24/12/2014 - 05:40

Recalibration for resilient economy

24/12/2014 - 05:40


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WA business is rapidly resetting its cost base and growth targets to better withstand the downturn.

Recalibration for resilient economy

WA business is rapidly resetting its cost base and growth targets to better withstand the downturn.

Traditionally, Christmas is a time for generosity and giving, a buoyant and uplifting period of the year when most of us can leave the pressures of work behind and share time with friends and family.

But sometimes the festive season’s joy is impaired by less pleasant overtones.

This year, many Western Australians will enter the Christmas break wondering what lies ahead.

The last time things were this severe was in 2008 when the GFC was rocking the world and there was a lot of pessimism about the future.

It is worth recalling the news at the time. Bankwest was offloaded to the Commonwealth Bank in a fire sale that really underscored how fragile the world economy was. The corporate finance sector had all-but closed for business, and debt was a very dirty word.

Remarkably, the GFC’s negative impact on WA was short lived. By the middle of 2009 our economy was coming back to full throttle again. Apart from some over-leveraged speculators, Western Australians were largely unaffected.

This time things may be different, but that doesn’t have to mean that there isn’t a potentially positive story.

We are seeing a settling down in demand for commodities, which boomed because China was going through an unnatural growth phase, releasing 70 years of pent-up demand in one economic explosion.

That couldn’t last forever; we all knew that.

WA has been buoyant on the back of building, but those massive levels of resources-linked construction could not go on indefinitely. We knew that too.

The reality is, prices for our commodities have plunged, but they have not yet returned to the levels of 2004 when the boom started, and they are unlikely to. At this stage, most of our key industries are profitable, even if margins have been slashed.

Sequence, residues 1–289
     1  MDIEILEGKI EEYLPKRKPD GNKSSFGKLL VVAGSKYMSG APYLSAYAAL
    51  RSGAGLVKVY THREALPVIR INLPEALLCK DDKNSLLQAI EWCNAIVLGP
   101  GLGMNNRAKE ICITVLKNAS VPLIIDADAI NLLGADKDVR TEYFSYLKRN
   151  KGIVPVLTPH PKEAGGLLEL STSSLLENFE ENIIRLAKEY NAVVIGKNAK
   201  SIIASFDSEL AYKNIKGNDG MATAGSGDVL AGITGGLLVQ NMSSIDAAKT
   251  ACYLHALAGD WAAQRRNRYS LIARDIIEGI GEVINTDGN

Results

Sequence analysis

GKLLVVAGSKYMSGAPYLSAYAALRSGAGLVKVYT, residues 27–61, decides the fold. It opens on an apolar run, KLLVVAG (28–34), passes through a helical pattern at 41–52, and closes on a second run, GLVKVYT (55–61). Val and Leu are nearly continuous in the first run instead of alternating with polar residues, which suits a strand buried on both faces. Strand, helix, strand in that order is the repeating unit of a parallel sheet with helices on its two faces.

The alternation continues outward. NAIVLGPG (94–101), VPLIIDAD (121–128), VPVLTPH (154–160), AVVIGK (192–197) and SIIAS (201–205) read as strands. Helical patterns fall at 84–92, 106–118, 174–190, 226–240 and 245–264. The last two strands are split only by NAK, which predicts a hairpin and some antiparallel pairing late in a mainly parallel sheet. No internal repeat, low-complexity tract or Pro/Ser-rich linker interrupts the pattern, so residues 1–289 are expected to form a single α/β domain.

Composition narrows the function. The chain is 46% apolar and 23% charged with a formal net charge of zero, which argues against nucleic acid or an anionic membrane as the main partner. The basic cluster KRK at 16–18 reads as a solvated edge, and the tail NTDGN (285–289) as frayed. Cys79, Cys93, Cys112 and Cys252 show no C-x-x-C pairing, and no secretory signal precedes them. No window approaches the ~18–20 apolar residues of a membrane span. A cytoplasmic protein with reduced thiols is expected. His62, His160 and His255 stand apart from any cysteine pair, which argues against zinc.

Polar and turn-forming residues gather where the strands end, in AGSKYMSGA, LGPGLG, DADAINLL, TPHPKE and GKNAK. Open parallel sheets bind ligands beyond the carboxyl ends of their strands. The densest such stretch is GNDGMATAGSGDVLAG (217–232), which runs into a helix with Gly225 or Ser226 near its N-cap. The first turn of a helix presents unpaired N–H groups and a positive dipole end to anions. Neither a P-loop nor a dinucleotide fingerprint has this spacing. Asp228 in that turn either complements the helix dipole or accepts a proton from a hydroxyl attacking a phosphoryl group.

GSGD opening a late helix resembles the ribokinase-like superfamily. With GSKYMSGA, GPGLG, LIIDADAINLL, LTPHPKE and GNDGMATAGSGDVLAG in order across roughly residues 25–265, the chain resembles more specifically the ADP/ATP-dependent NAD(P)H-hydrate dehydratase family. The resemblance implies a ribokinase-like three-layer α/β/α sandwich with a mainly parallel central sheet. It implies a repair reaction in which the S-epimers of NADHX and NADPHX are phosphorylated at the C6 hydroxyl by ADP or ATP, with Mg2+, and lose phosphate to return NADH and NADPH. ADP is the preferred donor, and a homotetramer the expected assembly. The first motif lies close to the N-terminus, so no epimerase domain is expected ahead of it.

Jobs are being lost as operators look to cut costs, but in the main our producers are keeping the doors open and that means most employees are still working, even if it means longer hours, or losing some conditions.

Other industries that have been unable to compete with resources for labour, are now back in business. And guess what? WA’s economy is now much bigger and more self-reliant than it was a decade ago. There are more opportunities than ever here.

This is all part of the resetting of the economic dials and levels.

This newspaper remains positive that things will bottom out over the next six months and, despite layoffs, unemployment will not get out of control. It is our firm belief that, before long, we will see the productivity improvement we require to be competitive and maintain a robust economy.

But, as hopeful of this outcome as we are, we recognise that this outcome is threatened by two key economic elements.

Firstly there remains a high degree of inflexibility in workplace laws, which make it harder for this much-needed economic resetting to occur.

Secondly, state debt has grown significantly and now impinges on the government’s ability to allocate resources to soften the economic impact of falling resources prices.

This newspaper doesn’t abide by Keynsian notions of interventionist policy, but there is no doubt that if the state government had shown more restraint in spending during the boom it would now have more opportunity to stimulate important growth projects, and be less pressured by the politically-damaging process of shedding public service jobs in a downturn.


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